Antelope Valley Press

Green Day: political pop-punk ‘Saviors’

- By MARIA SHERMAN AP Music Writer

Twenty years ago, the Grammy Award winning pop-punk trio Green Day released “American Idiot” — their ambitious rock opera, a treatise on a world power in decline written by a band with cultural clout and consequent­ly, political power. (It was angry and smart, and most importantl­y, hook-heavy — the catchiness no doubt a driving factor in its Broadway adaptation.)

“American Idiot” ushered in a new generation of loyal listeners — in some situations, the children of the initial fans who account for one of the over 10 million sales of their 1994 album “Dookie” — offering a familiar language of dissidence for a generation just old enough to remember 9/11.

In short: time moves on, but Green Day remains ferocious, allowing their listeners the opportunit­y to put language and music to their frustratio­n. The targets of their ire are always the same: war, systemic injustices, political pundits. And on their 2024 album, “Saviors,” their weapons are once again drawn.

Not that it was always this way. Prior to “Saviors,” their 14th studio album, Green Day took a detour. Their last album, 2020’s “Father of All...” was garage-y rock with the band’s characteri­stic fervor, but perhaps not their pop-punk sensibilit­ies. This album is a return to form, in some ways, but free of any sense of being derivative. If you invented the wheel, what’s so wrong about letting it roll again?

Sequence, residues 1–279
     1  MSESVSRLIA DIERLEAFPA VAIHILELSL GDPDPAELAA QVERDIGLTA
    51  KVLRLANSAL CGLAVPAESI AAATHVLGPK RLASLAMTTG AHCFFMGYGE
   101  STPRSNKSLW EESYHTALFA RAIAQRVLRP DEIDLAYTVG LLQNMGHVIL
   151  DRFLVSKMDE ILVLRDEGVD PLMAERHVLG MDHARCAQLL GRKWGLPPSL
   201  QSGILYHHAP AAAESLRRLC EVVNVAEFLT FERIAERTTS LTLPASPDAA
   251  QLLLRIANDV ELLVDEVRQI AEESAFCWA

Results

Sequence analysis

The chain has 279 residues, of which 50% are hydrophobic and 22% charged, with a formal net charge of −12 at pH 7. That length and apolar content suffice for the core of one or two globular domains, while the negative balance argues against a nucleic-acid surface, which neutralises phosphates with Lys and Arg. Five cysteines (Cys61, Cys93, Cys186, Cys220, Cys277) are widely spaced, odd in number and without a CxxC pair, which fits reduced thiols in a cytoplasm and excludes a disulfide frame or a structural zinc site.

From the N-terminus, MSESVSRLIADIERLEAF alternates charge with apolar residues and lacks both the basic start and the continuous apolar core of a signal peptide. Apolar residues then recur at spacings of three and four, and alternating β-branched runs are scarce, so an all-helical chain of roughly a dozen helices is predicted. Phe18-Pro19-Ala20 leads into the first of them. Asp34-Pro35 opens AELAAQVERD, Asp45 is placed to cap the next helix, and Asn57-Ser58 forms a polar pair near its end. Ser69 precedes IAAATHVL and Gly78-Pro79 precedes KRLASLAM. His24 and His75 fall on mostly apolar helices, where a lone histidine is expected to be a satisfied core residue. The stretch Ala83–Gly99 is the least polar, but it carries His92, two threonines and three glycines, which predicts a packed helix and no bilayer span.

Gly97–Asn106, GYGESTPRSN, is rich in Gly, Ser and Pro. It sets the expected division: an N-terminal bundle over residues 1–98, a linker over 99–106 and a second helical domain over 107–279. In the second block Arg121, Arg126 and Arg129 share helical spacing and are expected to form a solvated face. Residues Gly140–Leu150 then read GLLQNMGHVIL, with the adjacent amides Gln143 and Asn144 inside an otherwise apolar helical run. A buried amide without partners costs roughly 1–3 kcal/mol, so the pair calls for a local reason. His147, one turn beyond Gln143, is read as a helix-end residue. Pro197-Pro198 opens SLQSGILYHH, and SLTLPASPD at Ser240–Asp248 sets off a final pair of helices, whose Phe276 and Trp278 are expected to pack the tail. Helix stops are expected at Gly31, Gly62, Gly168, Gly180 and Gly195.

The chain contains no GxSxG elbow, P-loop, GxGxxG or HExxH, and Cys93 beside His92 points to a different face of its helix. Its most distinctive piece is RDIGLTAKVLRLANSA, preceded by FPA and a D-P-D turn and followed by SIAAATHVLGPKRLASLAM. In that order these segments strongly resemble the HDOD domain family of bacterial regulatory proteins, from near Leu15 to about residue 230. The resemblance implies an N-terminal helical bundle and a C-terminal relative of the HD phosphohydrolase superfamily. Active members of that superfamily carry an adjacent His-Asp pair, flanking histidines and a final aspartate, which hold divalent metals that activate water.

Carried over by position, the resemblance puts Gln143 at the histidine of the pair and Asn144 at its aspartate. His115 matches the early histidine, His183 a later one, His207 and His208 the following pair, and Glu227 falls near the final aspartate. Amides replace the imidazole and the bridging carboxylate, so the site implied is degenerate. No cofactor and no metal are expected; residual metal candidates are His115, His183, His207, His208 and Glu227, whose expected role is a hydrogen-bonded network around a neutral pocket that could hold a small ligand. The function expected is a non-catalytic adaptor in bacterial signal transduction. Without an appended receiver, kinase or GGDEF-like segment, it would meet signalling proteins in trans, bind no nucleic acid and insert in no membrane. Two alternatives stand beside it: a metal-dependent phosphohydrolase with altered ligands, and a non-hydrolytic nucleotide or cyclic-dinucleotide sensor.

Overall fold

“Saviors,” alternativ­ely, kicks off with the spirited rock ‘n’ roll of “The American Dream Is Killing Me,” taking aim at a litany of sociocultu­ral issues in lyrics like “People on the street/ Unemployed and obsolete,” delivered in frontman Billie Joe Armstrong ‘s immediatel­y recognizab­le nasal snarl. “Look Ma, No Brains!” is a return to their jubilant absurdity; “Grandma’s on the fentanyl now,” Armstrong sings on “Strange Days Are Here to Stay,” a song that suggests the apocalypse is now.

The fuzzed out, distorted guitars on “Living in the ’20s” ascend into a solo, as

Armstrong chants about mass shootings. His voice unravels into a scream, with drummer Tré Cool, bassist Mike Dirnt and producer Rob Cavallo (who worked with the band on both “Dookie,” and “American Idiot”) controllin­g the chaos.

There are loving moments here, too, as there are throughout Green Day’s discograph­y — like in the swinging ‘90s college radio rock sing-along “Bobby Sox.”

A few weeks before Green Day released “Saviors,” they performed the song “American Idiot” on “Dick Clark’s New Year’s Rockin’ Eve” swapping what was once a contentiou­s line targeting the Bush administra­tion into one with its eyes set on Trump. “I’m not a part of a redneck agenda,” became “I’m not part of a MAGA agenda,” and the Internet was set aflame. If anything, the moment is evocative of “Saviors’” identity. It is an album built from the band’s earlier accomplish­ments, edited for the current moment — and likely a slightly older audience.

If parents consider punk a phase, perhaps this is evidence that frustratio­ns — and speaking truth to power, however it aligns with your beliefs — is not.

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